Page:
The Monitoring and Advisory Functions of Corporate Boards: Theory And Evidence

57 Pages Posted: 27 Aug 2008

Date Written: February 3, 2008

Abstract

I develop and test a model of the two primary functions of the board of directors of a public corporation: monitoring and advising management. The model shows that higher advising intensity is associated with lower monitoring quality and higher agency costs. To test the model, I use the number of independent directors who are at the same time executive board members of other corporations as an empirical proxy for the board's advising intensity. I test and find evidence for the validity of this empirical proxy, by contrasting the corporate policies independent executives (IEs) choose for their own firms with those they advocate as outside directors. Consistent with the predictions of the model, I find that IEs are associated with proxies for higher agency costs. I also find that IEs are positively, significantly, and causally associated with firm performance. Finally, I argue that the significant relation between IEs and firm performance is due to the scarcity of IEs, and use the passage of Sarbanes-Oxley Act as a natural experiment to demonstrate the validity of this argument.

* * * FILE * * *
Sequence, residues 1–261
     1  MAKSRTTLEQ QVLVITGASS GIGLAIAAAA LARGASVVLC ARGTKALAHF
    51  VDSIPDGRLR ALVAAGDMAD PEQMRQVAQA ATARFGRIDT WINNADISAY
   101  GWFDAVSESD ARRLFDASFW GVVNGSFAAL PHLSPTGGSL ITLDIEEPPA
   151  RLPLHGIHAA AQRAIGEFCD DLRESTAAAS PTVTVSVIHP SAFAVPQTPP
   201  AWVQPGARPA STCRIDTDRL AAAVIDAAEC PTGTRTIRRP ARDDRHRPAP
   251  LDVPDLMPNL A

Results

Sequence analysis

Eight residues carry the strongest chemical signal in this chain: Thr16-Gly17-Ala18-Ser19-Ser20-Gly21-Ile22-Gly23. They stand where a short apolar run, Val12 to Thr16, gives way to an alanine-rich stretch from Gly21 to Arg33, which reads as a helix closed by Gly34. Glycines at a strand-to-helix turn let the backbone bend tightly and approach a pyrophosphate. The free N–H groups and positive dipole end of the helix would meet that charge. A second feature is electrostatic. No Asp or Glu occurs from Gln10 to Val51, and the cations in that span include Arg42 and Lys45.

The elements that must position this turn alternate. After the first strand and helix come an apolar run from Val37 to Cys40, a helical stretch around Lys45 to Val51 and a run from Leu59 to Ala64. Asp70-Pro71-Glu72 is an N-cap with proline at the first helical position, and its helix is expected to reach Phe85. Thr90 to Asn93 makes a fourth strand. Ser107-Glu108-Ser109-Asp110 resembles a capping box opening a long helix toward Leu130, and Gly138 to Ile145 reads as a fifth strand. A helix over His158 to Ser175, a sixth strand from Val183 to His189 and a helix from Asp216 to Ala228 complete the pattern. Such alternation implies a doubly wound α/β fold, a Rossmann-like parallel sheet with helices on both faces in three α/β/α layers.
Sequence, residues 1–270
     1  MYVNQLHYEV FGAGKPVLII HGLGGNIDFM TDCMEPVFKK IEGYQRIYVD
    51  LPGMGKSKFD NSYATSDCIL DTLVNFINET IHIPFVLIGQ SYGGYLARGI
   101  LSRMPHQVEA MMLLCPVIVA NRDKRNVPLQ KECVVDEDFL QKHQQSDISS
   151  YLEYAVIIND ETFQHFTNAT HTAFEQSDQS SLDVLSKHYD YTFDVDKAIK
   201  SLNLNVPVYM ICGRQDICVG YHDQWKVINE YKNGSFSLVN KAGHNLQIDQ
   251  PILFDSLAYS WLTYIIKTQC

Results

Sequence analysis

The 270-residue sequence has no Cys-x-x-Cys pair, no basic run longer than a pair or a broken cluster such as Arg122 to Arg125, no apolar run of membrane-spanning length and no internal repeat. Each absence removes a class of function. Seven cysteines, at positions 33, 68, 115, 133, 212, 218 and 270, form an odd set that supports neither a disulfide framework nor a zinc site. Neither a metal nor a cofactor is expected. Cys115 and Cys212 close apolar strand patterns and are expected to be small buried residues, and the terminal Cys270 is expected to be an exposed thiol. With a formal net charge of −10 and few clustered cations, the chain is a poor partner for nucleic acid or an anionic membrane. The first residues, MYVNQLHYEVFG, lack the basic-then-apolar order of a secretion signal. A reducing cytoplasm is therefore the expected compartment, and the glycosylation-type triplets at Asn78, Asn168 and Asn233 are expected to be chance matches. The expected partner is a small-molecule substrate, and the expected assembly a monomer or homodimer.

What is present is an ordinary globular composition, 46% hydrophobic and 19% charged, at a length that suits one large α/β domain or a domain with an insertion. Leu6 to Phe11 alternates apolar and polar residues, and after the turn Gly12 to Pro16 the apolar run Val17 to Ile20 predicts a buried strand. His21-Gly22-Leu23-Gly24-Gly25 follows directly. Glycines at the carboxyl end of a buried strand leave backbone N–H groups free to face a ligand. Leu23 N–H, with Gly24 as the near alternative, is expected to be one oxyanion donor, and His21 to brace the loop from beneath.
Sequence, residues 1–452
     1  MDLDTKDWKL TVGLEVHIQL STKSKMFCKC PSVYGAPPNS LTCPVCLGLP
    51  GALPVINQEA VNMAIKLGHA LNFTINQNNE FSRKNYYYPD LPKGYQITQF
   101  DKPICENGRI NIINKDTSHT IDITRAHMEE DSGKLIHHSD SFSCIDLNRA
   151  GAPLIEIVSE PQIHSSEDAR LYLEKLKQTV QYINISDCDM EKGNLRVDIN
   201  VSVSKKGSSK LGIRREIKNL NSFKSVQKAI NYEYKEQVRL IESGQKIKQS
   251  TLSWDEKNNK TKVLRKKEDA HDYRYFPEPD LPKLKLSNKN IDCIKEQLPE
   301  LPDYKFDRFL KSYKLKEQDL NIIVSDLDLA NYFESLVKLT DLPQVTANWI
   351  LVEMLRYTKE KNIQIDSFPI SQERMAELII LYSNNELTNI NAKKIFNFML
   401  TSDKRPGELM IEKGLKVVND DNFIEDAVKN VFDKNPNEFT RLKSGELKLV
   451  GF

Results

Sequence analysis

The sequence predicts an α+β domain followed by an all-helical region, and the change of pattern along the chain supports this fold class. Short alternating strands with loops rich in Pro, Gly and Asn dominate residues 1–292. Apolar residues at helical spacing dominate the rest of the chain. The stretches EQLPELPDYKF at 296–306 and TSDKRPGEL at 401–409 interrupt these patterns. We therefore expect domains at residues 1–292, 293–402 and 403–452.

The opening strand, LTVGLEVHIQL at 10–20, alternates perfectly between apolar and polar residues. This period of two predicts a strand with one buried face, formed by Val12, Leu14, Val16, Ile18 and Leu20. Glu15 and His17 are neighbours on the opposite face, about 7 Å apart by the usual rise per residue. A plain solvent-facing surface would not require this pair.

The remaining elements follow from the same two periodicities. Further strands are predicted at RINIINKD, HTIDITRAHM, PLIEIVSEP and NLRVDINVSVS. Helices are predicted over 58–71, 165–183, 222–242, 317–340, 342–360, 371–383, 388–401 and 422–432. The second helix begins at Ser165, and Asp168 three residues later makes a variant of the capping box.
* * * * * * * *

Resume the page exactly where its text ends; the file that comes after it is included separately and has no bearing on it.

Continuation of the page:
Keywords: Corporate Governance, Board of Directors, Advisory, Monitoring

JEL Classification: G30

Suggested Citation

Chen, Dong, The Monitoring and Advisory Functions of Corporate Boards: Theory And Evidence (February 3, 2008). Available at SSRN: https://ssrn.com/abstract=1251846 or http://dx.doi.org/10.2139/ssrn.1251846

Dong Chen (Contact Author)

University of Baltimore ( email )

1420 N. Charles Street
Baltimore, MD 21201
United States

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